August 14, 2018
As voice assistants continue to rise in popularity, social media platforms are catching on. Snapchat recently launched new augmented reality (AR) Lenses that respond to your voice, according to The Verge. Similar to saying “Alexa” to activate the Amazon Echo or “Ok Google” to activate Google Assistant, these Lenses require activation words such as “hi” or “wow” to animate.
Some of us may find this new Lens feature very useful while others may prefer the literal hands-on approach. Here are some reasons why you may or may not enjoy Snapchat’s new voice-activated Lenses.
Why You May Enjoy Voice-Activated Lenses
The Snapchat app sometimes malfunctions when I try to select a Lens with my finger. Whether the issue is my phone’s screen or the app, being unable to use the Lens becomes frustrating. If you also experienced this struggle, you will enjoy the voice-activated Lenses. As long as the word is simple, like “okay” or “use,” this new capability can be very useful.
Voice-activated Lenses are also useful if you want to hold your phone with both hands. Balancing your phone in one hand while touching the screen with the other may fill you with anxiety: you would hate to drop your phone and crack your expensive iPhone’s screen. If you’re worried about your phone’s safety, then the voice-activation feature will certainly come in handy for you.
You will also likely love the voice-activated Lenses if you’re already accustomed to using voice assistants. You may already be used to giving voice commands to Alexa or Google to find out tomorrow’s weather forecast, set a timer, or learn how to spell “Supercalifragilisticexpialidocious.” If this is the case, using your voice to animate Lenses will be a seamless, comfortable, and familiar experience.
Voice-activated Lenses aren’t for everyone, of course. If the above reasons to enjoy them don’t apply to you, read on.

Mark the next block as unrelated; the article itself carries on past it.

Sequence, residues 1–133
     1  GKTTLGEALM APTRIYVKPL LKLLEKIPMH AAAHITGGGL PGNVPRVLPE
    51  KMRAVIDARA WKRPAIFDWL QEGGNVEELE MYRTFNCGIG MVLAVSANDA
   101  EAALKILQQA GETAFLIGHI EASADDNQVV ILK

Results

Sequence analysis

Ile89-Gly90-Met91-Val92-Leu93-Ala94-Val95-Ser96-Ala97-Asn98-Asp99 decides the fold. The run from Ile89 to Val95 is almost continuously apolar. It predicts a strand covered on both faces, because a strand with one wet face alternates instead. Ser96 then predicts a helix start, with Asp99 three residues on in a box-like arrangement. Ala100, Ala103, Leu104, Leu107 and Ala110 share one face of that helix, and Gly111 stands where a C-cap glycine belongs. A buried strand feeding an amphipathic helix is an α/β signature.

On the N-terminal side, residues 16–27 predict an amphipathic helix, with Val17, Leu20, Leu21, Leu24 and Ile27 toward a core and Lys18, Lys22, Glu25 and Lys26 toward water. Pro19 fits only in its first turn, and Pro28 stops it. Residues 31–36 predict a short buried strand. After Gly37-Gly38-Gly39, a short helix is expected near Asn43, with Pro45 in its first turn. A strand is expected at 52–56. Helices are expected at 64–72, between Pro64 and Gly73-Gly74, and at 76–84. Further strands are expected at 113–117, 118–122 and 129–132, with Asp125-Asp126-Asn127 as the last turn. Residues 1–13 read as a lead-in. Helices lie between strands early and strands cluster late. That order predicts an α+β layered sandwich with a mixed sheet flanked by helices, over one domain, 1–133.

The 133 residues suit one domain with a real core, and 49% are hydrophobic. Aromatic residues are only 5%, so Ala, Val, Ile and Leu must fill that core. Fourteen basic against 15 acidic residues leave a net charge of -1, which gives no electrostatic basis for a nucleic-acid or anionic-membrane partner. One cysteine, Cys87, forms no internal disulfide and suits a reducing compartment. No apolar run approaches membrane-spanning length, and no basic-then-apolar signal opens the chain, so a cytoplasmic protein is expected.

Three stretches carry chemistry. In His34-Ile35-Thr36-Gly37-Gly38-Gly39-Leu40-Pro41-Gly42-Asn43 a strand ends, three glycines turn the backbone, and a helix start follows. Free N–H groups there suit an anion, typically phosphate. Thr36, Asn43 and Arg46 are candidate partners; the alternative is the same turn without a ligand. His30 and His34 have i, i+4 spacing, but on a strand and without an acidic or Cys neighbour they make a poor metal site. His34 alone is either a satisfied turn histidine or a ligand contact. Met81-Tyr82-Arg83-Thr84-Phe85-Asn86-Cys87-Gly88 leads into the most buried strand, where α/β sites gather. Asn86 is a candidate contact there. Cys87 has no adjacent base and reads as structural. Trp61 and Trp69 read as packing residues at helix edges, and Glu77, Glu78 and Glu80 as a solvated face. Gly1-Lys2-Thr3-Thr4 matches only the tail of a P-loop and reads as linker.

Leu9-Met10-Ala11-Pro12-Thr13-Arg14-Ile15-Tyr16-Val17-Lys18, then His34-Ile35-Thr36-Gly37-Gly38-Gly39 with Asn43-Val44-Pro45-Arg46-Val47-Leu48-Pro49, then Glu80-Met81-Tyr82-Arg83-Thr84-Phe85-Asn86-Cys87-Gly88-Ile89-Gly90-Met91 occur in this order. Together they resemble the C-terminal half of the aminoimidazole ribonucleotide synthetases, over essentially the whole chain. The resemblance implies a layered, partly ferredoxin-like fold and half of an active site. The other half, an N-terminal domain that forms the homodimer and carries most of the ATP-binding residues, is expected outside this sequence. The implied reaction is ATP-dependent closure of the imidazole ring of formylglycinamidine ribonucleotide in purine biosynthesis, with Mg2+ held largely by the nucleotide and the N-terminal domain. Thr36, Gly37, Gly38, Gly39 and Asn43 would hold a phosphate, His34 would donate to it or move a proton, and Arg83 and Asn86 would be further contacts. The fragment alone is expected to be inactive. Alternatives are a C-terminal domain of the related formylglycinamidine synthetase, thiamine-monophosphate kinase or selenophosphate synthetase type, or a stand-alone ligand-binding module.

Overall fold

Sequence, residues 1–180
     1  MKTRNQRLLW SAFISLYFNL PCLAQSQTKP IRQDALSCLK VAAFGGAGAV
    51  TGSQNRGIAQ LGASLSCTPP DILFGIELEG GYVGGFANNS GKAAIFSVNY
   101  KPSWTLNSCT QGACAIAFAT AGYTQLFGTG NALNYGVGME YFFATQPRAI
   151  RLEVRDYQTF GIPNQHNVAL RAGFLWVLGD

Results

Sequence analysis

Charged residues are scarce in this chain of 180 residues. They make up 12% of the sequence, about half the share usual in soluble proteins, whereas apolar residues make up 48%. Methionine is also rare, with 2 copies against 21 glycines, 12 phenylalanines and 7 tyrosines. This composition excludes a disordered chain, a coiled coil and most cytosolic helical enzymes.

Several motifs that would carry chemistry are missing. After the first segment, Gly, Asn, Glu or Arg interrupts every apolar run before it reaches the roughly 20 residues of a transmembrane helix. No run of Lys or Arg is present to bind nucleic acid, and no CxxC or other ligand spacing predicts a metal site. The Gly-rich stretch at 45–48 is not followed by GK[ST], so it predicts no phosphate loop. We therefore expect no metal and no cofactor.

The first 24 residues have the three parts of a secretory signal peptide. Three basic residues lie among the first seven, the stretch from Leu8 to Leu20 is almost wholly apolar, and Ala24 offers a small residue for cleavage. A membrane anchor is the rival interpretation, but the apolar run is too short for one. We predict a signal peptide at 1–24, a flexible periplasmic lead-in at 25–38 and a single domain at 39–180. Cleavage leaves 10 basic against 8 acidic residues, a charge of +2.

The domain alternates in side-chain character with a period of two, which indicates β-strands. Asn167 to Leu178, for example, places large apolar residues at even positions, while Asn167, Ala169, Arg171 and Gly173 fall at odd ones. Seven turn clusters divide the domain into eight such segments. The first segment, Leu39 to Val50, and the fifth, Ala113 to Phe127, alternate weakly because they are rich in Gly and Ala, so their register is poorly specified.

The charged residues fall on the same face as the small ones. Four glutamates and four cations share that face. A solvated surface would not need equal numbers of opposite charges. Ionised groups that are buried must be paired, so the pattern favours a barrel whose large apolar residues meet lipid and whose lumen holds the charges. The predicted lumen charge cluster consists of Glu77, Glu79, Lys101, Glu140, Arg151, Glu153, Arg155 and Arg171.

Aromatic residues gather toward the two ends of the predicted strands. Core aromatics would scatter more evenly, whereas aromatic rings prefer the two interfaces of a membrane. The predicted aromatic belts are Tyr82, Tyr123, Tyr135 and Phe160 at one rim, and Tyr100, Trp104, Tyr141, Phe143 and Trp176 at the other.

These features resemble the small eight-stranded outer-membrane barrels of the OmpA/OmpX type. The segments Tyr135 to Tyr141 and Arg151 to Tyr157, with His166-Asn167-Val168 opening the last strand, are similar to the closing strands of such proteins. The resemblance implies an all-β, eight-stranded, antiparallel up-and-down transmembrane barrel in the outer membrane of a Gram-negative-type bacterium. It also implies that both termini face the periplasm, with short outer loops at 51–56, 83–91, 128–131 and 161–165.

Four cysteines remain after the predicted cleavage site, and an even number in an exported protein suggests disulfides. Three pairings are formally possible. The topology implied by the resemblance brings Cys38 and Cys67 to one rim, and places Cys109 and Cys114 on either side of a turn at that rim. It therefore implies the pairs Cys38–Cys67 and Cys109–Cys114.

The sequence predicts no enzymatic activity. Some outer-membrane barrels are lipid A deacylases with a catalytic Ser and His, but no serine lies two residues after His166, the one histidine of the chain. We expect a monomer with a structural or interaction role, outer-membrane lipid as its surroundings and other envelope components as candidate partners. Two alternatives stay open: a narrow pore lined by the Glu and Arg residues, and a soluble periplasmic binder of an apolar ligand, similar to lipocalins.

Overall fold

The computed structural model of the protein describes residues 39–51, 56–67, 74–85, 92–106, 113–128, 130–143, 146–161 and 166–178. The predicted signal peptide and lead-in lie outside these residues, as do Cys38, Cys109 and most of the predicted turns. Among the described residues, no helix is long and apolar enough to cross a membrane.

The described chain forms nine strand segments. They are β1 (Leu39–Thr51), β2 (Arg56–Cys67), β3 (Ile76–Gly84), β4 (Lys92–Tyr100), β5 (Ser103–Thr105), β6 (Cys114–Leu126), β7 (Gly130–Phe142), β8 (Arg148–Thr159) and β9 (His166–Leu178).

Why You May Not Enjoy Voice-Activated Lenses
I don’t typically like to draw attention to myself when taking a Snap. Because I’m self-conscious, I often want to capture the moment inconspicuously. For this reason, I would not want to regularly use Snapchat’s voice-activated Lense, especially in public. Drawing attention to myself while taking a Snap causes me to stiffen and act awkwardly in front of the camera. If I were taking a cute selfie while out for a walk, I would smile less genuinely for the camera if I noticed people staring at me as I posed for the picture.
Additionally, voice activation may disrupt a quiet scene I want to capture. For example, if I wanted to add a Lense to an alley cat I spotted downtown, using my voice to activate one of the Lenses may startle the cat and cause it to scamper away.
Whether or not you enjoy using Snapchat’s new voice-activated Lenses is a personal preference. Admittedly, however, there are potential benefits for marketers that like to use the platform.
Marketing Benefits of Voice-Activated Lenses
You will be able to combine compelling visuals with engaging sound when creating Sponsored Lenses. This capability encourages users to interact with your Lens, increasing their memory retention of your brand or message. It also allows you to create something unique to generate interest.
Additionally, although the words that can currently be used to trigger Lens animation are very simplistic, there’s the possibility of further enhancements. For example, Snap may eventually expand the feature to include phrases rather than just one-worded triggers. There is also the possibility that Snap will incorporate a voice assistant within its app, allowing users to search for anything related to your brand by using their voice.
Voice has become a factor of interest in social media marketing. Back in March, for example, code was discovered that forecasted voice calling for Instagram Direct. It’s not surprising that voice is a preoccupation for marketers since it opens a new type of advertising. Data has shown that certain factors will influence voice assistant owners to listen to ads. Primary factors include personalization (i.e. ads customized for each individual owner) and the ability to choose whether or not to listen to an ad. Snapchat exploring voice options for its Lenses is perfectly viable; it’s just getting its feet wet.
Do You Say “Snapchat” or “Instagram”?
Since Snapchat and Instagram are both exploring voice commands in their apps, we can surely expect more to come. They already compete in every other way: IGTV versus Snapchat Discover, Instagram Stories versus Snapchat Stories, and Instagram Location Stickers versus Snapchat Nearby Businesses Geofilter. Which will do it better? The answer may primarily rely on platform preference, or it may come down to user-friendliness. Most likely, however, it will all depend on which platform can most quickly and effectively answer the following question: can you hear me now?
Written by Anna Hubbel, staff writer at AdvertiseMint, company for Facebook ads